By Alireza Nader
May 13, 2020
The Russian-Iranian alliance, a defining feature of power politics in the Middle East, is experiencing strains that should be exploited by the Trump administration. Moscow and Tehran are historic enemies whose differences are re-emerging now that they have achieved their mutual objective of preventing a breakdown of the Bashar al-Assad regime in Syria. Vladimir Putin’s assessment of Russian interests may be clouded by anti-Americanism, but he ought to see that Islamic Republic is far weaker and a far less valuable ally than it was just five years ago. Thus, Russia has far more to lose than it has to gain by employing its Security Council veto to protect the Iranian regime from Washington’s maximum pressure campaign.
By working together to ensure the survival of the Assad regime, Russia has arguably become the paramount foreign power in the Levant, while the Islamic Republic has carved a corridor of influence stretching from Iraq to Lebanon. Yet Russia and Iran may be beginning to see each other as competitors now that Assad’s regime is more secure.
Historically, Iranians have viewed their larger northern neighbor as an imperial aggressor rather than a friendly nation. The history of Russian-Iranian relations is replete with armed conflict, Russian interventions in Iranian politics, and cultural/religious animosity between the two people. To this day Iranians speak bitterly about the Treaty of Turkmenchay in which Iran lost a large part of its territory to the Russian empire. In the 1980s, the Islamic Republic vilified the Soviet Union as the “Lesser Satan” (as compared to the Great Satan in Washington), yet the U.S. victory in the Cold War gradually drew Moscow and Tehran together. The two countries share an intense fear of America pushing for regime change in Iran, with Moscow additionally concerned that the fall of the Islamic Republic could lead to a more pro-American and anti-Russian government.
The current Russian-Iranian alliance in Syria owes its existence to General Qassem Soleimani, the chief of the Revolutionary Guards’ specialized Qods Force and the regime’s strategic mastermind who was recently killed by U.S. forces. Soleimani’s clandestine visit to Moscow in July 2015 initiated the military partnership to save Assad. Soleimani’s proxy army of foreign Shi’a militias were able to defeat the Syrian insurgents only with the help of the Russian air force.
Yet now Moscow is attempting to take over Iranian proxies while challenging Iranian dominance in key parts of Syria, including the restive Dera governorate in the south. Iran’s usefulness to Russia has decreased significantly as the two powers fight over the spoils of their Syrian war. Already, Moscow has edged out Tehran for control of key resources, such as Syria’s phosphate mines. This past January, Soleimani’s death eliminated a key node in the Russian-Iranian partnership. His successor, General Esmail Ghaani, does not possess the charisma, skills, and foresight to hold the partnership together.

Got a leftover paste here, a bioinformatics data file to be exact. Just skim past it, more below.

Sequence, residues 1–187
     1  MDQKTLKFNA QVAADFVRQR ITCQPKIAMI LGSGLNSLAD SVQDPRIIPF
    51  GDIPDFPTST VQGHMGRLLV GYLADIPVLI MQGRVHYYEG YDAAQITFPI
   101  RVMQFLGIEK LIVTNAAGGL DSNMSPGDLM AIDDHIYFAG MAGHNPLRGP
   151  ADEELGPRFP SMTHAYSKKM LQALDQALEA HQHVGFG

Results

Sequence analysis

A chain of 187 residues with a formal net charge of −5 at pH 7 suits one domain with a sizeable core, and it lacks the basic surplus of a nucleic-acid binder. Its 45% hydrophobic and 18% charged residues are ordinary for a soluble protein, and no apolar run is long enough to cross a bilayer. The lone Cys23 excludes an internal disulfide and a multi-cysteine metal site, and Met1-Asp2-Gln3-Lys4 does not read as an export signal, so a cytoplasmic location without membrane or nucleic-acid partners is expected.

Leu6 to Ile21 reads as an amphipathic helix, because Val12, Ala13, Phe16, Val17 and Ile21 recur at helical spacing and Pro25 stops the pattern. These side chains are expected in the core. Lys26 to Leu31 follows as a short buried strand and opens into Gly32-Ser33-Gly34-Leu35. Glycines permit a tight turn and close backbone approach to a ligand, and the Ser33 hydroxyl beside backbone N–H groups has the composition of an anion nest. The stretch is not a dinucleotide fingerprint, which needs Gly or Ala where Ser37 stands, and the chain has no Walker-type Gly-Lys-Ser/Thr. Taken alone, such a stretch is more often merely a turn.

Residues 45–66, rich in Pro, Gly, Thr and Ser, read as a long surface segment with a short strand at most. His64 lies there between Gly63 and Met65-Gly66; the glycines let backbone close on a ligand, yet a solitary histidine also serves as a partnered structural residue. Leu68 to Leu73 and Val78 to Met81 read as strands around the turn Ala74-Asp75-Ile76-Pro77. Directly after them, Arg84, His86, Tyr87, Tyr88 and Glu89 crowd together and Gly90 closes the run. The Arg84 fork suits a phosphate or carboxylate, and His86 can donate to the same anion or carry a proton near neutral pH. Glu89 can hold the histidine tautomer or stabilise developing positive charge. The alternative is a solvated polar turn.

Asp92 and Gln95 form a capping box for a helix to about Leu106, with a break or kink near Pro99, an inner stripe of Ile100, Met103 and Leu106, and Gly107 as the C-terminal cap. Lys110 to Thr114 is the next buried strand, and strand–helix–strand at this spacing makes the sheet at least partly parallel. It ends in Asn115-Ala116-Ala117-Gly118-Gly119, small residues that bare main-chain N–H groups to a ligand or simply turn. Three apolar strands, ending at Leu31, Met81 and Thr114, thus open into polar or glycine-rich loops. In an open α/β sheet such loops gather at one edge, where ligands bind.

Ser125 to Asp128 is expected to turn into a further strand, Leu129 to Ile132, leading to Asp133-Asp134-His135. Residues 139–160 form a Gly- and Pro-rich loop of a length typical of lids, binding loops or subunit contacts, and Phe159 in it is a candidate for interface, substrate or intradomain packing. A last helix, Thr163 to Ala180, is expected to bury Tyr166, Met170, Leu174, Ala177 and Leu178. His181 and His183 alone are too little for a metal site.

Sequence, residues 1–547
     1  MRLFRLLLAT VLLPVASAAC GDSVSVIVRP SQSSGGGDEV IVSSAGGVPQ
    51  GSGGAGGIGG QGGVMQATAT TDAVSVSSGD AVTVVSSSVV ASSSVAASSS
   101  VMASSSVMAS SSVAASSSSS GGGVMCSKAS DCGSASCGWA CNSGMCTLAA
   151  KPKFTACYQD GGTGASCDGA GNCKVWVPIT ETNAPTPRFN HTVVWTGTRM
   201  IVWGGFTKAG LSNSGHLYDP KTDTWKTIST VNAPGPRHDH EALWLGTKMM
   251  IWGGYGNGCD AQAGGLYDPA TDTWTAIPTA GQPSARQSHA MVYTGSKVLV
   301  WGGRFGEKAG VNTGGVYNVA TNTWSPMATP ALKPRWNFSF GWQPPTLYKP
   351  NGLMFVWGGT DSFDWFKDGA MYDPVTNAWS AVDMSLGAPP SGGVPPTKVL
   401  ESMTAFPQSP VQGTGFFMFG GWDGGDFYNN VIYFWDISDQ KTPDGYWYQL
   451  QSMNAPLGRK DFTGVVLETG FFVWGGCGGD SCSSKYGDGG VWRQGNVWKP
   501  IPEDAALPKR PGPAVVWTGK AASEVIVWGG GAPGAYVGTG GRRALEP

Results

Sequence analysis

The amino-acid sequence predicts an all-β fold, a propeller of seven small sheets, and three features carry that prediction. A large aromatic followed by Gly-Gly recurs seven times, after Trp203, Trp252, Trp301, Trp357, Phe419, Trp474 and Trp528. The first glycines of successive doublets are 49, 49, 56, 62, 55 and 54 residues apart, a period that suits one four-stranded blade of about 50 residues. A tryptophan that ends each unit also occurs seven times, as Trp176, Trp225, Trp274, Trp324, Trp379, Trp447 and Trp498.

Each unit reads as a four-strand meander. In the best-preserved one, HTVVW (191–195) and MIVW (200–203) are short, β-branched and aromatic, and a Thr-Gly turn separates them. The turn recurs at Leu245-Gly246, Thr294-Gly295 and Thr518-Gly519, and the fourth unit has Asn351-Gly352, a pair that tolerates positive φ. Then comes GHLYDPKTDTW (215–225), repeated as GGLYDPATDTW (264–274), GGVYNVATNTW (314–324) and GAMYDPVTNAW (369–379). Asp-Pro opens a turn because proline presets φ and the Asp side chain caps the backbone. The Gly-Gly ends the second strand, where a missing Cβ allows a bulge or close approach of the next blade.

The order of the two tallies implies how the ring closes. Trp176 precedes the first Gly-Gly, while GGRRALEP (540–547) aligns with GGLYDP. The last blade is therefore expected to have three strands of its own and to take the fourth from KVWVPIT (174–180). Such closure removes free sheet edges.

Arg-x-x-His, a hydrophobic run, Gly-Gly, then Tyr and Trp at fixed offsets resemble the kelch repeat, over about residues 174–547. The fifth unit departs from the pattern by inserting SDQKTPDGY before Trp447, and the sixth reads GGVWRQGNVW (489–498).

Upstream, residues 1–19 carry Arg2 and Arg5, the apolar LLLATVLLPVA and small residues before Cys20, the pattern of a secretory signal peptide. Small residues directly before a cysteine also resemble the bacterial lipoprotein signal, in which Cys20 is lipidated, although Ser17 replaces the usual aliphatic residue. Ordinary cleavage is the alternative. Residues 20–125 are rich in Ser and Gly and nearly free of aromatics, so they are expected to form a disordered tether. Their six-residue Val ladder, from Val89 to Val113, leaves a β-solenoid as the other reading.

Syria aside, the Islamic Republic is much weaker than it was at the time of Soleimani’s trip to Moscow. The regime has faced successive rebellions since December 2017, including nationwide protests in November 2019 that shook the regime to its core. Iran’s economy is mired in a deep multi-year recession thanks to U.S. sanctions and the COVID-19 epidemic while the regime’s proxies in Iraq and Lebanon face unprecedented popular revolts.
Putin should recognize that the geopolitical balance in the Middle East may be approaching a tectonic shift. The Islamic Republic is likely to face additional popular rebellions, both at home and across the region. Russian arms sales to a cash-strapped Iran will be less rewarding than cooperation with wealthier Arab states of the Persian Gulf and better relations with Israel. Even if it were willing to try, Russia’s ability to shape the course of events in Iran is limited.
For all these reasons, Russia ought to consider whether it still benefits any longer from protecting Iran at the Security Council. Unquestionably, a Russian veto could prevent the Trump administration from extending the UN’s conventional arms embargo on Iran, set to expire in October. Russia can also cause considerable difficulty for Washington as the latter seeks a “snapback” of UN sanctions against Iran’s nuclear program. But what does Moscow have to gain from such obstruction?
For its part, the Trump administration should explore new ways to drive a wedge between Moscow and Tehran. At minimum, the White House should make clear that its pressure on Tehran will be unrelenting, so Iran has little prospect of recovering its strength.
Putin’s reflexive anti-Americanism will likely prevent him from making choices that protect Russia’s long-term interests. But whether Moscow likes it or not, the Islamic Republic is living on borrowed time and their partnership may be headed for a fundamental transformation. Russia does not have the power to reverse those trends, so what does Putin have to gain from doing so many favors for Tehran?
The National Interest